By Ed King
US President Barack Obama gave hope to climate activists around the world with a strong defence of his green policies during his main speech at the Democrat Convention on Thursday night.
Hitting back at claims from many Republicans that the origins of global warming are unknown, Obama said the science on climate change was settled and that the time to act is now.
“My plan will continue to reduce the carbon pollution that is heating our planet – because climate change is not a hoax,” he said.
“More droughts and floods and wildfires are not a joke. They’re a threat to our children’s future. And in this election, you can do something about it.”
July was the hottest month in US history. Soaring temperatures and a lack of rain have hit wheat, corn and soy farmers – driving up prices on the global futures’ markets.
Republican Presidential hopeful Mitt Romney mocked the current administration’s attempts to deal with the climate change during his own main speech last week.
“President Obama promised to begin to slow the rise of the oceans and heal the planet…my promise…is to help you and your family,” he said.
President Obama: “My plan will continue to reduce the carbon pollution that is heating our planet—because climate change is not a hoax.”
— Barack Obama (@BarackObama) September 7, 2012
What’s worse: doing nothing when you think climate change is a hoax, or doing nothing even though you know it isn’t a hoax? @barackobama
— Richard Klein (@rjtklein) September 7, 2012
This speech was not a promise to drastically slash US CO2 emissions. Obama has adopted an ‘all of the above’ policy when it comes to energy, backing domestic fossil-fuel production, including the exploitation of shale gas.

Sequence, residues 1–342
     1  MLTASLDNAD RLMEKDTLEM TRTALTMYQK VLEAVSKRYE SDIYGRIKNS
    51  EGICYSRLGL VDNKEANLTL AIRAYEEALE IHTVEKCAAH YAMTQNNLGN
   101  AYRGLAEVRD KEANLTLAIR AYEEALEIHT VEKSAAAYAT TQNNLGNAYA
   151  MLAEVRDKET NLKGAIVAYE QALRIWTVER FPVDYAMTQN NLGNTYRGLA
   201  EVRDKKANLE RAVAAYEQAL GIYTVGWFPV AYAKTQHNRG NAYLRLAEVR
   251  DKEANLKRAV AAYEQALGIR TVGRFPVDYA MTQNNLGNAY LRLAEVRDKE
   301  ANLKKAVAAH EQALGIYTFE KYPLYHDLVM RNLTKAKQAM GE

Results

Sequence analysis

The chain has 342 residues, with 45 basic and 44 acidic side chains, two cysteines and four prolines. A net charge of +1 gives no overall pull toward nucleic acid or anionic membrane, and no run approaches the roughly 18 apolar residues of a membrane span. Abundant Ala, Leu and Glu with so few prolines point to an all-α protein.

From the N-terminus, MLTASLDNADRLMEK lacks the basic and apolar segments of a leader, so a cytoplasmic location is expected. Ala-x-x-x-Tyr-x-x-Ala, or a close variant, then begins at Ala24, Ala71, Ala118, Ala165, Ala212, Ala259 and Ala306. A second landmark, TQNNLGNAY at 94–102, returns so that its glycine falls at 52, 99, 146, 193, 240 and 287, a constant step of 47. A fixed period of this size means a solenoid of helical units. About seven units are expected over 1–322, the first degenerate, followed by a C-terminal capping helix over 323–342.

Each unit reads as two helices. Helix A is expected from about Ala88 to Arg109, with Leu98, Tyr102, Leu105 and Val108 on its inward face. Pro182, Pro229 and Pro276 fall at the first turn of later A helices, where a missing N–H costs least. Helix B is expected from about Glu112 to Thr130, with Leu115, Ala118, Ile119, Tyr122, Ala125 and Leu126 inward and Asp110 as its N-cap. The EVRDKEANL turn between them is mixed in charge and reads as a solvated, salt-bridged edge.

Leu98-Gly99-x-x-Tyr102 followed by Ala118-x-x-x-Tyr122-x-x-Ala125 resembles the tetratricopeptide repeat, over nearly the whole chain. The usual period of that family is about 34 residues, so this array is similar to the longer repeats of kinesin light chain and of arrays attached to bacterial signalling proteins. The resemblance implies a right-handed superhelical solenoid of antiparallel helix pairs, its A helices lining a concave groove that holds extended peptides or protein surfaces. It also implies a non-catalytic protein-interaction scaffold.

But he argued his approach is more independent and less reliant on the major oil and gas companies – many of whom have backed huge campaigns in the past to tarnish the reputations and findings of climate scientists.
“Unlike my opponent, I will not let oil companies write this country’s energy plan, or endanger our coastlines, or collect another $4 billion in corporate welfare from our taxpayer,” he said.
“We’re offering a better path – a future where we keep investing in wind and solar and clean coal; where farmers and scientists harness new biofuels to power our cars and trucks; where construction workers build homes and factories that waste less energy; where we develop a hundred year supply of natural gas that’s right beneath our feet.
“If you choose this path, we can cut our oil imports in half by 2020 and support more than 600,000 new jobs in natural gas alone.”
Hopes for a global climate deal
Despite these positive comments, there is still deep mistrust over US motives at the UN climate negotiations.
The country refused to ratify the Kyoto Protocol, despite being involved in its creation, and has consistently demanded that other high emitters such as China and India adopt targets before it will commit to limit its own carbon emissions.
Last week US delegate Jonathan Pershing was accused of undermining the UN climate talks after calling for a new treaty to be ‘flexible’ and ‘dynamic’ rather than legally binding, as was agreed at the end of the COP17 Durban talks in 2011.
Pershing argued a new deal should learn from what he termed the mistakes of the Kyoto Protocol, claiming that what he described as Protocol’s inflexibility guaranteed its failure.
And lead US negotiator Todd Stern angered many of his peers last month with a call for the target of keeping global warming below 2C to be dropped – claiming it would lead to deadlock.
Stern later said he had been misunderstood, but emphasised the need for talks to be ‘flexible’.
VIDEO: Watch Barack Obama’s acceptance speech in full